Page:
Current Situation and Analysis - 4/6/2017

Friday, April 7, 2017

The Quarterly Hogs and Pigs report by USDA’s National Agricultural Statistics Service (NASS) was released On March 30th. As of March 1, the NASS survey said the national breeding herd was 1.5% above a year ago. Six out of the last seven years have posted breeding herd growth. The number of market hogs was record large at 64.9 million head (up 4.4% year-over-year). That market hog number came from December-February increases in both sows farrowed (up 2.8% year-over-year) and pigs saved per litter (increasing 1.8% from a year ago).

As in all recent quarterly reports, NASS made some rather significant upward revisions. For example, the previously reported number of market hogs (as of December 1, 2016) was raised by 600,000 head or nearly 1%.

Looking ahead, the LMIC is using forecasts based on a little higher number of sows to be farrowed in coming months than producers reported to NASS (the latest report was 1% higher year-over-year). That assumption follows what has occurred in recent quarters. Pigs saved per liter are expected to continue posting year-over-year increases.

In the first quarter of this year, using preliminary data for March, U.S. commercial hog slaughter is projected to be record large at 30.2 million head, a 3.1% increase compared to a year ago. Average dressed weight was down slightly from 2016’s. Pork production was 2.9% above a year earlier and record large for the quarter. Forecasts put U.S. pork exports well above a year ago. So, per capita pork disappearance for January-March was slightly below 2016’s (down about 0.8%). Slaughter barrow and gilt prices averaged above a year ago for 2017’s first quarter, increasing over 9% (the national average base price was $67.79 per cwt.).

Currently, LMIC forecasts U.S. commercial pork production in the second quarter of 2017 about 5% above a year ago. In the second half of this calendar year, production is expected to rise 2% to 4% year-over-year. Under pressure from large supplies, hog prices in recent weeks have drifted lower; usually they are rather stable to slowly increasing. April-June hog prices may average below a year ago (down 1% to down 4%). Even though pork production will likely be well above 2016’s in the second half of this year (up 2% to 4% year-over-year), hog prices could post modest year-over-year increases. If that happens, it will be the result of reduced packer margins compared to 2016’s very high levels because of new slaughter plants coming on-line and increasing competition for animals.   


After a lackluster 2015, on a dollar basis, the U.S. pork industry posted a modest year-over-year improvement in net exports for 2016. Here we summarize trade across the industry which includes meat, as well as non-meat items including: Variety meats; tallows and greases; and live animals.   

In terms of U.S. exports, the largest value contributor (80% of total sector sales in 2016) was pork, followed by variety meats (16%). Value wise, meat (pork and sausage) exports were up $163 million (plus 3.4%), but at $4.94 billion remained well below 2014’s record high of $5.73 billion. Pork sector variety meat exports surged during 2016 (up $213 million or 27.0% year-over-year), setting an all-time high of $999 million. Total sector export value in 2016 was just over $6.20 billion, up $405 million (7.00%) year-over-year. Still, that was well below 2014’s sales.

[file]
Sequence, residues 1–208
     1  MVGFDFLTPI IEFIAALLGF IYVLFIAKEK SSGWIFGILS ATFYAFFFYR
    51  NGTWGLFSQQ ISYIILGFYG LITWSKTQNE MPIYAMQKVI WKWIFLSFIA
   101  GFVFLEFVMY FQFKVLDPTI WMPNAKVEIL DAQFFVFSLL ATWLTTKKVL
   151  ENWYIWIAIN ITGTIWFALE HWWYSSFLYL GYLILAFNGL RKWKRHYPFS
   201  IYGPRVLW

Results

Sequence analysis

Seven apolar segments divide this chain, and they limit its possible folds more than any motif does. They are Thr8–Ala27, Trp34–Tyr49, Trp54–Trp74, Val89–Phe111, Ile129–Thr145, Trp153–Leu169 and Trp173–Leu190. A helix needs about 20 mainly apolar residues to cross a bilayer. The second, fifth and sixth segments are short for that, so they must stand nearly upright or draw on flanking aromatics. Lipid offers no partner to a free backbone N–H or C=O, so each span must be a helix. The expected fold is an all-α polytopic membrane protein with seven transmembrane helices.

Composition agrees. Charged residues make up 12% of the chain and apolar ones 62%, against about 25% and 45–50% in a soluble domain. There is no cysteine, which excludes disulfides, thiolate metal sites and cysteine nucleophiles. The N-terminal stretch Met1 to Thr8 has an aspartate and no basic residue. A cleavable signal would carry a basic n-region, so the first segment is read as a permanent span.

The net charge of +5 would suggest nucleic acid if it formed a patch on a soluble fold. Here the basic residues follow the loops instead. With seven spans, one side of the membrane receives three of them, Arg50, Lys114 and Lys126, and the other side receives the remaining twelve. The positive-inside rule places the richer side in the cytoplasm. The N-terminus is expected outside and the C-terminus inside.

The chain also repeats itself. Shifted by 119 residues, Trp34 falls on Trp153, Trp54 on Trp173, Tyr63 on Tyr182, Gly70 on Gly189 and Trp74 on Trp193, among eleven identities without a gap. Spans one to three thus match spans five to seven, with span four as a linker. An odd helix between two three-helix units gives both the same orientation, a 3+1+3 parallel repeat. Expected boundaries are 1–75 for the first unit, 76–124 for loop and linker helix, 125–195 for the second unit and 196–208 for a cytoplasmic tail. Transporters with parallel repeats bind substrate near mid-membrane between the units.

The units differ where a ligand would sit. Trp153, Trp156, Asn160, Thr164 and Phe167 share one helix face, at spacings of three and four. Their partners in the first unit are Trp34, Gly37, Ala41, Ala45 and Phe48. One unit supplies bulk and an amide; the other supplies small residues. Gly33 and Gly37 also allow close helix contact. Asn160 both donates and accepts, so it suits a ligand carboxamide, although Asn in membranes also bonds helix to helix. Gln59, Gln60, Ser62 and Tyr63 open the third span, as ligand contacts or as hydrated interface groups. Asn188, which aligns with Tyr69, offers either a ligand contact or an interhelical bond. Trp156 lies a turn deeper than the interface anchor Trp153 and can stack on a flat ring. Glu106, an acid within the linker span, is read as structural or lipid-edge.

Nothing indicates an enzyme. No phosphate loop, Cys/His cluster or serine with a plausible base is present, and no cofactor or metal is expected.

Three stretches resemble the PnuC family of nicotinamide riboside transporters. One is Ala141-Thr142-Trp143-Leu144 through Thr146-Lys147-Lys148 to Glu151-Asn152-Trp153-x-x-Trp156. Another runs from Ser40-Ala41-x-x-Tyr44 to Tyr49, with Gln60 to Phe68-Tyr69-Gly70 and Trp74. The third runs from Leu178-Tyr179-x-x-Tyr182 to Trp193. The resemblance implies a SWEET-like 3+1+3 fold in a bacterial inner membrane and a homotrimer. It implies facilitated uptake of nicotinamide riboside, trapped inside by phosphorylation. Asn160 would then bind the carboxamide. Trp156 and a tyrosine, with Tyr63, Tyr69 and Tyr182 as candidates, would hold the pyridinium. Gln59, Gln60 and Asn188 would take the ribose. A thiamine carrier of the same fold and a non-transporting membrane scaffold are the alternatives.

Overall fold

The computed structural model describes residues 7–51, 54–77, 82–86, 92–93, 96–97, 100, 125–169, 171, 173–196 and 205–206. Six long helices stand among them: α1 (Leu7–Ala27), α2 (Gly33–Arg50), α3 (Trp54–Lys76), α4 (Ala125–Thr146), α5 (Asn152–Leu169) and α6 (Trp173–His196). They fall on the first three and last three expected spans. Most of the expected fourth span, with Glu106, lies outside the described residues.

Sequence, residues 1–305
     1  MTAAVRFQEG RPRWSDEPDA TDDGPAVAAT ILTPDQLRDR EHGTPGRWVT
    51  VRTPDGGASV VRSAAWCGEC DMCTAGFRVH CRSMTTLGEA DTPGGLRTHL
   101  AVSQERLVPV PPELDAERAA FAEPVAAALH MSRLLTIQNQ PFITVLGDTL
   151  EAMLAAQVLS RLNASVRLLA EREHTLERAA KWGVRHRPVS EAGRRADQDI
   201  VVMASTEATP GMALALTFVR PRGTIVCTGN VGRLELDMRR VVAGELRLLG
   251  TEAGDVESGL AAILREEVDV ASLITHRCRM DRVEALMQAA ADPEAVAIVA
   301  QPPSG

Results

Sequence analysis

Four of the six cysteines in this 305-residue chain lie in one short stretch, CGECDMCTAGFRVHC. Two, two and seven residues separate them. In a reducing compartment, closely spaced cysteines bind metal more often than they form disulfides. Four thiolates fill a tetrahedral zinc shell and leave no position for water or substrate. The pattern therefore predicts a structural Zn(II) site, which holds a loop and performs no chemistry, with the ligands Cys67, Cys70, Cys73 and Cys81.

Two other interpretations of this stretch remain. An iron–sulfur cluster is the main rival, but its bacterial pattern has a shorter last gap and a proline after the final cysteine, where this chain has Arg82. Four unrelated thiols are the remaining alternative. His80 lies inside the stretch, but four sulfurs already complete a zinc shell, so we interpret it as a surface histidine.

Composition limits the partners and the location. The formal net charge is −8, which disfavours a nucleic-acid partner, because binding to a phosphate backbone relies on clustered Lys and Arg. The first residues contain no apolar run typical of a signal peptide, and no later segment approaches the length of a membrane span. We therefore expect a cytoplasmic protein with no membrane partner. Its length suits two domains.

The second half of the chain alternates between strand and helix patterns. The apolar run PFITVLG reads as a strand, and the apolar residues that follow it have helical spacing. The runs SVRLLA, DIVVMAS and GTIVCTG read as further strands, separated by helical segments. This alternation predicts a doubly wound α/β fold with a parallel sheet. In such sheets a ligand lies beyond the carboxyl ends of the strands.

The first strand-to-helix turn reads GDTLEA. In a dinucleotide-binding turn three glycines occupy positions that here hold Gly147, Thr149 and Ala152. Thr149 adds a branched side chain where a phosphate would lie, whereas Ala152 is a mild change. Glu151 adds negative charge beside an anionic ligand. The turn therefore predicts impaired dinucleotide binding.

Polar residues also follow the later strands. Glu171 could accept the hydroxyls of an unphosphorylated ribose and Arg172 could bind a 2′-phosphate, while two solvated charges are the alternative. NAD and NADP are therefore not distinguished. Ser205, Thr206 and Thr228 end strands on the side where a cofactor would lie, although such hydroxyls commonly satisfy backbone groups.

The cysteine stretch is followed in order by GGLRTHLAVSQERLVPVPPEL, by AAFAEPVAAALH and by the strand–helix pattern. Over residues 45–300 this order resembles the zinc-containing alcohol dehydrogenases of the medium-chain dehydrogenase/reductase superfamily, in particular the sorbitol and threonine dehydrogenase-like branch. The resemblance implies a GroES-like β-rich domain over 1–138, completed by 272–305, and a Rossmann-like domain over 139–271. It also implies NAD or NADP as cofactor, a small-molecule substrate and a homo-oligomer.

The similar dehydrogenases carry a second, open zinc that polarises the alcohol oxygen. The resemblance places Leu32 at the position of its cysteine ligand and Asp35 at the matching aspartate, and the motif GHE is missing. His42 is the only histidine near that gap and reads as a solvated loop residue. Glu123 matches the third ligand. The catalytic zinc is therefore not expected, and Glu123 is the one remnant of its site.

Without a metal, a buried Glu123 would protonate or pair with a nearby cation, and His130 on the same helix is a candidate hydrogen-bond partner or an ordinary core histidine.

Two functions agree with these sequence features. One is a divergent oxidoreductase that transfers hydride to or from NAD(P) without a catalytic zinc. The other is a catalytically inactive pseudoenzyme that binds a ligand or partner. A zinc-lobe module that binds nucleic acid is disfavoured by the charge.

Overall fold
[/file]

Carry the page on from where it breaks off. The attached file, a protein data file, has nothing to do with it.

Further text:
On the import side, 2016 U.S. purchases were less than in 2015. Imports of meat represented 72% of total value in 2016, while live animals (feeder pigs and slaughter hogs) represented 16%. In 2016, the value of sector imports by the U.S. totaled $1.94 billion, slipping 2.7% year-over-year.

Since 1992, the difference between U.S. pork sector exports versus imports has been positive. That is, the country has been a net exporter on a value basis. Net export value has more than tripled since 2005. In 2016, the net export value was $4.27 billion, up $459 million for the year or rising 12.0%. The record level was just over $5.0 billion, which was achieved in both 2011 and 2012.


The U.S. will have the lowest wheat plantings since 1919 along with a 4 million acre decline in intended corn seeding’s this spring. Producers intend to plant 89.5 million acres of soybeans, up 6 million acres from 2016’s. Cotton plantings are also expected to increase, jumping 21% year-over-year to 12.0 million acres. Overall, producers report that there will be a 2 million acre decline in total principal crops planted area in 2017 versus a year ago, according the USDA-NASS Prospective Plantings report.

 Notable declines in total planted area are expected in Kansas, Missouri, the Dakotas, and Oklahoma. Most of these states are important wheat producers and the decline is consistent with depressed wheat prices during the last year and in some cases, drier than normal weather since last summer.

Nationally, hay area harvested this year is slated to decline 600,000 acres, or 1%. Texas accounts for most of the decline, falling 500,000 acres in 2017. California and Kentucky are both expected to reduce hay acres harvested by 100,000 acres. 

The decline in Texas represents an 11% decline in total hay area harvested for the state. Last year, Texas harvested 4.83 million acres of hay. The 2016 acreage harvested was 100,000 above 2015’s, but down 610,000 acres from 2014’s. Essentially, hay harvested in Texas will decline by more than 1 million acres from 2014 to 2017. Texas hay harvested area peaked in 2013 at 5.6 million acres, and declined by 200,000 acres in 2014. The 2017 hay harvested area for Texas would be the lowest since 1998. For sake of comparison, Oklahoma hay harvested area this year is expected to decline 10,000 acres, about unchanged relative to total harvested hay area in 2016. Area harvested for hay in Oklahoma peaked in 2014, and has declined since then by close to 600,000 acres, or about 20%.